A Fresh & Positive Perspective on Everyday UK


All About UK

10 British Dialects Everyone Must Know Before Visiting The UK

There is a widespread misconception that studying English in the United Kingdom will result in a flawless British accent as if you were instructed by Her Majesty the Queen herself.

In reality, the United Kingdom has around 40 distinct dialects, each with its distinct sound and word structure. Each country has its unique accent.

All You Need To Know About British Dialects

Here are ten British dialects you should be familiar with:

To begin, we’ll look at the Scot.

Let’s start with the accent representing crystalline lochs, icy mountains, plaid, and shortbread? The Scottish accent did not take on its current form until the 1700s, but it existed in various forms.

The Gaelic and Norse languages of Scotland (and even today) had a significant impact on English due to the Viking invasion. Scots pronounce Scotland ‘SKORT-lond’ rather than ‘SKOTT-lund.’ Visit Edinburgh or Glasgow if you want to hear a Scottish accent.

Then there are the Geordie people.

Residents of Newcastle speak a dialect known as Geordie, which has one of the most distinct and powerful accents in England.

Because the Geordie accent defies all Standard English conventions, the word button would be pronounced BOT-tdan rather than BUH-tun, with a ‘ooh’ sound on the letter U and a rolled T. It is advisable to watch it on YouTube.

Scousers or Liverpudlians are people from Liverpool, and their accent (similar to Geordie) is known as Scouse.

“Woss dtha?” the people of Liverpool would inquire. Rather than asking, “What the hell is that?” The letters A and Y receive special attention. Furthermore, they roll their R’s, making it difficult to tell whether they’re saying L or R. They deserve our best wishes!

Scouse can be studied in cities such as Liverpool and Manchester, located in the United Kingdom.

Yorkshire is fourth.

Yorkshire has a distinct accent on the letter U, which is pronounced ooo rather than Uh, with cut pronounced “coht” and blood pronounced “blohd,” as opposed to the more common pronunciation of “uh.” Yorkshire is said to have a pleasant and trusting accent, but I’ve never met a Yorkshire person who could be trusted (just kidding, they’re gorgeous). The distinctive Yorkshire accent can be heard in towns such as York, Leeds, and Sheffield.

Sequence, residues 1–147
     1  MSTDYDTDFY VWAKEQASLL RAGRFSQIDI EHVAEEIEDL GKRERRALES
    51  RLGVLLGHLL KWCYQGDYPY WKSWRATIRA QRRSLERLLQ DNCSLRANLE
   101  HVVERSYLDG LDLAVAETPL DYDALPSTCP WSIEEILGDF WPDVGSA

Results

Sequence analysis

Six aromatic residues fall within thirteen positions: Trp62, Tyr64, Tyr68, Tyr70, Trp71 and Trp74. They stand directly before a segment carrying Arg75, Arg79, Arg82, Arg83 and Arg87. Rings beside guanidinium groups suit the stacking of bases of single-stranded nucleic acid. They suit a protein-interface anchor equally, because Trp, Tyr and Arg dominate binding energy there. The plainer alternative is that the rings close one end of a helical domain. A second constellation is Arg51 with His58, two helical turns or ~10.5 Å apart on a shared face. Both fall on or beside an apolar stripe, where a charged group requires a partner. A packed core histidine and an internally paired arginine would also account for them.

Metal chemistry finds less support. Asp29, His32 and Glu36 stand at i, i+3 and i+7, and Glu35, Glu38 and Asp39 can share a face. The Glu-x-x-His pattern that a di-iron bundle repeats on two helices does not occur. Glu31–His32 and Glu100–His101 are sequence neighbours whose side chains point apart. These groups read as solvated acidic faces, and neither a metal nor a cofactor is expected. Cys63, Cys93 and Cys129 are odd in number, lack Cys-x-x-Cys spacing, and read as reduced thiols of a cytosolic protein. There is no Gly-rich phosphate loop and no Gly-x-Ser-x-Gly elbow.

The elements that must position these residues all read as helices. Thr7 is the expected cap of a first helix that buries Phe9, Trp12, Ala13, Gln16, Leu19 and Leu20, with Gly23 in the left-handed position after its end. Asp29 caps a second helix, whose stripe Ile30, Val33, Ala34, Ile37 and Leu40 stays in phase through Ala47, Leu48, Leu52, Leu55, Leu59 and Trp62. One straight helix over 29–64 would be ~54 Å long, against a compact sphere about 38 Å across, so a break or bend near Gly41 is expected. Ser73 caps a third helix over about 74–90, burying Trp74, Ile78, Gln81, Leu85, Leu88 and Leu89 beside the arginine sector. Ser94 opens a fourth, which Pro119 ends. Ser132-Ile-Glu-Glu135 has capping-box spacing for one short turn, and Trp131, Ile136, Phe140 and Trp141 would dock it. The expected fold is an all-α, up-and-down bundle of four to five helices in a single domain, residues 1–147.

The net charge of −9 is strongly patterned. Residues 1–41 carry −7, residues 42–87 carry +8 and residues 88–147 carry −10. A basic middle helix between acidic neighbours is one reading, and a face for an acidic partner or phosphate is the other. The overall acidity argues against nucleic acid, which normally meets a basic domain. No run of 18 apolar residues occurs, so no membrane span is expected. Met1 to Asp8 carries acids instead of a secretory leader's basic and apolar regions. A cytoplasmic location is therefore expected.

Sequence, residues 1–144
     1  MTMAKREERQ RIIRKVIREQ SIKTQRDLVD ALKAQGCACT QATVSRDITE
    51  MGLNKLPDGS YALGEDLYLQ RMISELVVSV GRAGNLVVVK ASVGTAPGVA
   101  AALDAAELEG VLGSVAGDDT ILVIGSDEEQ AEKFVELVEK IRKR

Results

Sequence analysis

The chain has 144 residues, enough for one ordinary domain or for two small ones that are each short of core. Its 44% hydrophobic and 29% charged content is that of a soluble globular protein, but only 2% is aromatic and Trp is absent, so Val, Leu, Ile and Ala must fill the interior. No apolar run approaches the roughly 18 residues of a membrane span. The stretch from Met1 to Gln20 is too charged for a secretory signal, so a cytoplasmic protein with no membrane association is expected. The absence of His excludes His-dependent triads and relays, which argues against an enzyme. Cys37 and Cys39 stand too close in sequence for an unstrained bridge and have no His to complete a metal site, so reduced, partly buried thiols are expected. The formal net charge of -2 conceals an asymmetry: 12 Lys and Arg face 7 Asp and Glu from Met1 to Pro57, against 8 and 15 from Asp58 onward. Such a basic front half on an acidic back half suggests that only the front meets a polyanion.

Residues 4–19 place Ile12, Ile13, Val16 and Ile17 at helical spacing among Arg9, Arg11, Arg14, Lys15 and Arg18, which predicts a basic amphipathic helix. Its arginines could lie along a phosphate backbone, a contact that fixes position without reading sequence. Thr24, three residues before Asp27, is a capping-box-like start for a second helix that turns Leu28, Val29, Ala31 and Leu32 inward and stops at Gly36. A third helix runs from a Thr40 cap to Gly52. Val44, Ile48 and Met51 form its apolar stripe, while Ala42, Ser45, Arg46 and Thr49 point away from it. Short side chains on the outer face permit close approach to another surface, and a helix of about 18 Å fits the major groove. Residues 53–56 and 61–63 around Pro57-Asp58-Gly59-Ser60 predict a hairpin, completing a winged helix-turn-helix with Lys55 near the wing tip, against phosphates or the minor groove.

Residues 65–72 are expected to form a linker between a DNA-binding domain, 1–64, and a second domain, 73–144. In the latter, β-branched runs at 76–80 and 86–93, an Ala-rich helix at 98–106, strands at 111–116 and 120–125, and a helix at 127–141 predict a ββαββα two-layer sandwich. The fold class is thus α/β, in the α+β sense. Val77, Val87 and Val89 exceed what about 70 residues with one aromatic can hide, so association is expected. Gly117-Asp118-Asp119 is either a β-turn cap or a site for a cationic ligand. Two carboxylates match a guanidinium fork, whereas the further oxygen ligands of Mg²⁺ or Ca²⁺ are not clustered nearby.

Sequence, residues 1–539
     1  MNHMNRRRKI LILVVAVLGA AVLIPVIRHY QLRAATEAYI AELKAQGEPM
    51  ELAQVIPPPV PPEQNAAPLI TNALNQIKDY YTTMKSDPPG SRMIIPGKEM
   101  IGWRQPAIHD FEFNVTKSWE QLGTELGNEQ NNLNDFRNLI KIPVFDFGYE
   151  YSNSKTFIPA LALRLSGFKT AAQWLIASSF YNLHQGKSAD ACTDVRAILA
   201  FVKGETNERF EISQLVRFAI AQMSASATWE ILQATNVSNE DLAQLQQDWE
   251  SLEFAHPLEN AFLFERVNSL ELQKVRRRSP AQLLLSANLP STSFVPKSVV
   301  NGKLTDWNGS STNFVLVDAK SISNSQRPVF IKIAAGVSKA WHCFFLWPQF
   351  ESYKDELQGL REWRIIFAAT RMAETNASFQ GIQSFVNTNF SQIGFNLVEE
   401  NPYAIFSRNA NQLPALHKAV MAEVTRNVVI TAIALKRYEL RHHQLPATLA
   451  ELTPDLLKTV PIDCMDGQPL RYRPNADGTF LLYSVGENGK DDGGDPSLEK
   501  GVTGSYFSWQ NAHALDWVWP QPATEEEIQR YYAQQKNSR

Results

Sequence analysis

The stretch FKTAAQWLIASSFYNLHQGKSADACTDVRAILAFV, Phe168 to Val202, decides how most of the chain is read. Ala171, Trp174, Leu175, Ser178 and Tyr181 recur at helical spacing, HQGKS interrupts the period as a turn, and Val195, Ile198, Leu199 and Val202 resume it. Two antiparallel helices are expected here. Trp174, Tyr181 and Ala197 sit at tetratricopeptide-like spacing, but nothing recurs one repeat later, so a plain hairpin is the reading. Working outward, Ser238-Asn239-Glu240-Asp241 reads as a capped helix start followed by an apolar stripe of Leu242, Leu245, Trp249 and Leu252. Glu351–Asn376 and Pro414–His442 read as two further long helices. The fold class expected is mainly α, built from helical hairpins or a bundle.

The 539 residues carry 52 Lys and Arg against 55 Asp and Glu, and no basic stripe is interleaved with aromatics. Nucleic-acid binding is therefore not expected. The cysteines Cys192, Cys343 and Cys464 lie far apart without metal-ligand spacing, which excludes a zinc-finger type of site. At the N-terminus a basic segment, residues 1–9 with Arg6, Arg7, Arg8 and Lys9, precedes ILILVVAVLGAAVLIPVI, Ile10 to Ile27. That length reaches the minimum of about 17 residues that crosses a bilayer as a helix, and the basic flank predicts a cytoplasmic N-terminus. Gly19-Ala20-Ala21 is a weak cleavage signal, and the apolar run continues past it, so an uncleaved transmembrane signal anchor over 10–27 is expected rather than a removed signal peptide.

Welsh is Wales’ native language.

Wales, officially the nation, is home to one-fifth of the world’s population. Llanfairpwllgwyngyllgogerychwyrndrobwllllllantysiliogogogoch, a Welsh village, is named after these incredibly long and convoluted words (and the second-longest place name in the world).

Welsh speakers pronounce Wales WEE-alss rather than WAY-ells when speaking English, whereas English speakers pronounce the word WAY-ells.

You can get a taste of Welsh by visiting Cardiff or Bristol.


Despite having the nicest name on our list, this accent is one of the most mocked in the UK. It comes from people who have never heard their voices. People in Birmingham, where this dialect is spoken, refer to it as Brummagem or Bromwichham, two ancient alternate names for Birmingham.

Those with a Brummie accent pronounce “hello” heh-LOUW rather than HEH-low, but the accent varies greatly across the city (Birmingham is England’s third-largest city).

The “West Country” of England

It is the dialect of Anglo-Saxon roots spoken in Gloucestershire, Dorset, Somerset, Devon, and Cornwall, which is why true West Country speakers say I will be rather than I am and Thou best rather than You are. This sounds a lot like the Germanic languages Ich bin and Du bist. What an oddity!

Even if West Country residents deny it, the rest of the accent is rhotic (characterized by a soft, rolled R), making it like American English.

West Country’s major cities, such as Bristol or Bournemouth, are good places to hear the regional accent in action.

People refer to this as “Queen’s English,” or Received Pronunciation, because of the dialects of the Home Counties region (Berkshire, Buckinghamshire, Hertfordshire, Kent, Surrey, and Sussex) (RP).

It has a ‘flat’ accent with stressed vowels like A (pronounced ah as in a car) and O (pronounced ohw as in snow), but the pronunciation varies greatly between words, making it difficult to learn if you’re learning English for the first time.

New York’s Essex County

The only way to tell if someone is from Essex is by their accent, which is distinctively Essexian. For example, no will be pronounced NA-hw, and fink will be used instead of thought.

“Let’s go (to the) stores,” without the “to” or “the,” has also become a common phrase. Reality TV shows featuring Essex residents have made the Essex accent more widely recognised, much to the chagrin of everyone else.

Take a day trip from London to Essex to learn more about the dialect.


After RP, Cockney is possibly the most well-known British accent. As the working-class dialect of the East End of London, it is still considered an indication of “authentic” East London ancestry.

In the Cockney accent, the th sound is replaced by the f, the h is dropped from phrases like head, and long vowels like A and E are used.

Cockney Rhyming in which a word is substituted with another that is an abbreviation of an unrelated phrase that rhymes with it, is perhaps the most well-known use of this slang in Cockney. It’s strange, I know.

Leave a Reply

Your email address will not be published. Required fields are marked *